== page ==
Gallia ‘baby shaker’ gets 8 years

By Dean Wright -

Timothy Davis

Timothy Davis

GALLIPOLIS — A Rio Grande man previously indicted on attempted murder charges for shaking a baby pleaded guilty Friday to felonious assault and earned a maximum eight-year prison sentence.

Timothy Davis, 32, of Rio Grande, pleaded guilty in Gallia County Court of Common Pleas after an incident involving his then-two-month-old daughter. Gallia County 911 operators received calls about an unresponsive child the evening of Dec. 4. Gallia County EMS responded with Rio Grande police and located an infant who was having difficulty breathing. Squad workers discovered bruising on the child’s upper torso and face, along with an abrasion along the left ear.

Emergency responders transported the young girl to the Holzer Medical Center Emergency Room on Jackson Pike before she was airlifted to Cabell Huntington Hospital in Huntington, W.Va. Reports say the infant suffered a skull fracture, swelling of the neck, retinal hemorrhaging and a brain hemorrhage. Experts often report these as signs of “shaken baby syndrome.”

Caretakers held the child for 17 days before releasing her into Gallia County Children’s Services’ custody. Adkins’ office reported the child as stable and in the care of a foster family, although she has been diagnosed with spastic quadriplegia, blindness and suffers from seizures.

According to information provided by justice system officials, an interview of Davis with the Ohio Bureau of Criminal Identification and Investigation showed that while Davis was at home with four children, he felt overwhelmed. Records say Davis shook the then-two-month-old because of her crying. Davis left the room and returned a few minutes later to hear the child gargling and having breathing difficulties. He called the child’s mother before 911 for help.

Winston Woodyard represented Davis during proceedings and Gallia County Prosecutor Jeff Adkins, along with assistant prosecuting attorneys Eric Mulford and Britt Wiseman, represented the state. Adkins said they presented a case they felt would prove beyond a reasonable doubt that Davis “knowingly caused serious physical harm” to his child. Adkins said witnesses who would have been called to testify, had the matter have gone to trial, would have included police, EMS responders, children’s services workers and BCI agents. The prosecutors said they also would have presented testimony and medical records from the hospital in regards to the child’s diagnosed injuries.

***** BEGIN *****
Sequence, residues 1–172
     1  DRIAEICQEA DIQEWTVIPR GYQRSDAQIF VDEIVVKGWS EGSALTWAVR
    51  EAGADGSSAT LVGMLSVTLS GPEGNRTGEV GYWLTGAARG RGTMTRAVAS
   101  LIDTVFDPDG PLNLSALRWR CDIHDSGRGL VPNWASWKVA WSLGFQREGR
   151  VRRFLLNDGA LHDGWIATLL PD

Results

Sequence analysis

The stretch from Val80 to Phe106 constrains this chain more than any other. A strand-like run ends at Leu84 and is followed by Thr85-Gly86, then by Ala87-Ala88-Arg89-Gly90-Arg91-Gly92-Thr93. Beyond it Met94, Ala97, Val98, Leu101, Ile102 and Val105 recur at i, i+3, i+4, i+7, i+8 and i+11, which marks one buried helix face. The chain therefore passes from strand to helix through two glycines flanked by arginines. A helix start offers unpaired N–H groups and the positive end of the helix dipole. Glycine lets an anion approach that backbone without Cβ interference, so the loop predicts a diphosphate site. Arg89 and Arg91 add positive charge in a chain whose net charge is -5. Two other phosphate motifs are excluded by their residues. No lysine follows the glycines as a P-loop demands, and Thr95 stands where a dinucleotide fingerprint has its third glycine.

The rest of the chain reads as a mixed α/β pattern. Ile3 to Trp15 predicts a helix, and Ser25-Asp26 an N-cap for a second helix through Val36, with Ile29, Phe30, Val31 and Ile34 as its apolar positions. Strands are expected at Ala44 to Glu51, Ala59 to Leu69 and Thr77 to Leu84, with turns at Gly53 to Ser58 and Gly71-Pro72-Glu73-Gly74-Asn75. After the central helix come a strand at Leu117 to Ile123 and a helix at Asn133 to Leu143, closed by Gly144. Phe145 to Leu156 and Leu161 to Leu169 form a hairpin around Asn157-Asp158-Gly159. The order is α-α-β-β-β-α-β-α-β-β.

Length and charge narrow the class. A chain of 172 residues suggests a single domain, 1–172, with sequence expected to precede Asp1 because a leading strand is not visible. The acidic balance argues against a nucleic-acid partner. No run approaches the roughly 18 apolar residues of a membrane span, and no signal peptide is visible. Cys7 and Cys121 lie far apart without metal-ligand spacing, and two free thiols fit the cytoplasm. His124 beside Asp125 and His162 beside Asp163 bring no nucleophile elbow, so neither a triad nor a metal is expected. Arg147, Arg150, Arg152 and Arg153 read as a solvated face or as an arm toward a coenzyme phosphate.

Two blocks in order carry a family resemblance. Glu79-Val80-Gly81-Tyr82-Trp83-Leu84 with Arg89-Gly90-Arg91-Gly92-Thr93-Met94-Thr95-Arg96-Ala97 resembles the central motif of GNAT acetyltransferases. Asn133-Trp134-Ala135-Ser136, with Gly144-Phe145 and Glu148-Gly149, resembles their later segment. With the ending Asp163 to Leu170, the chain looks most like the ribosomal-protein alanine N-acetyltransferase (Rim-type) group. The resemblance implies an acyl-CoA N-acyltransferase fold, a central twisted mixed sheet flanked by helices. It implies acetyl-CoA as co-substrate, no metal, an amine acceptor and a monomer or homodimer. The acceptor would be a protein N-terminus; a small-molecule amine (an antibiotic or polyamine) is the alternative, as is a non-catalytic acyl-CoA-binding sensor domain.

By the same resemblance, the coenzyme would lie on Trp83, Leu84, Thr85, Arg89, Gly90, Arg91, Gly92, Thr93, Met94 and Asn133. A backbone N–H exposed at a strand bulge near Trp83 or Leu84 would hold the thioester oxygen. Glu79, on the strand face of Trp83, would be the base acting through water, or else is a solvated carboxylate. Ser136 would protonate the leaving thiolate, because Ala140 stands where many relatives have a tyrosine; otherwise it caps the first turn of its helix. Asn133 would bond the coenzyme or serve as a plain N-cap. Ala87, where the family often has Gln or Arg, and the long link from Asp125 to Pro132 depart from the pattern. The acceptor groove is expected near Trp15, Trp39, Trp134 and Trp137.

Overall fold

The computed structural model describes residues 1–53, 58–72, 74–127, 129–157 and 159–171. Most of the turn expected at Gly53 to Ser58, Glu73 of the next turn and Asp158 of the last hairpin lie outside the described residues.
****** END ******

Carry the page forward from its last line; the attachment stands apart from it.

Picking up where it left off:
Davis heard the evidence to be shown and agreed the offense could have been proven beyond a reasonable doubt. He then entered a guilty plea to felonious assault. The court then went into a sentencing hearing.

“We were insistent that the defendant was going to serve the maximum sentence allowed under current Ohio law, which in this case is eight years,” Adkins said. “I wish — and my entire staff wishes — that a longer prison sentence was permitted under the law, but unfortunately it was not in this case. Felonious assault in Ohio is a second-degree felony, which carries a possible term of incarceration of anywhere from two to eight years.”

Mulford said that prior to Friday morning’s sentencing, the Gallia County Juvenile Court terminated Davis’ parental rights to his infant and another biological child.

“The injuries to the infant in this care are horrific,” Wiseman said. “As a new father, this case has hit home with me, in particular. This little three-month-old baby girl deserved to be protected by her parents. She deserved to be loved and cared for as all children should. Instead of being loved, she was abused. She was abused by an adult man to the point that we didn’t know whether she was going to survive the attack. That little girl proved to us all that she is a fighter and that she was going to pull through. We pray for her recovery and for her safety.”

Kristi Smith, a children’s services caseworker, read a statement to the court saying that “at three months old, an infant enjoys interacting by smiling, looking at themselves in the mirror and communicating with ‘oohs and aahhs.’ Infants at this age are experiencing the new world around them: Colors are brighter, recognizing toys, focusing on people and siblings around them. They are feeling new textures with their feet and hands. They are gaining in strength by rolling over, kicking stronger and holding their head up longer during tummy time. Their brain is full of activity.

“However, at three months old (the child in question) does not see colors, she cannot see herself in a mirror, she cannot see her siblings, she cannot roll, she cannot feel textures and her brain is not full of activity. Her days are full of darkness and shadows. She has to identify her world through listening and the loving touch of her caregivers. At three months old (the child’s) life has been altered dramatically due to the actions of her parent. At three months old, (the child’s) last vision was of her parent violently abusing her.”

Dean Wright can be reached at (740) 446-2342, Ext. 2103.

Timothy Davis Davis

By Dean Wright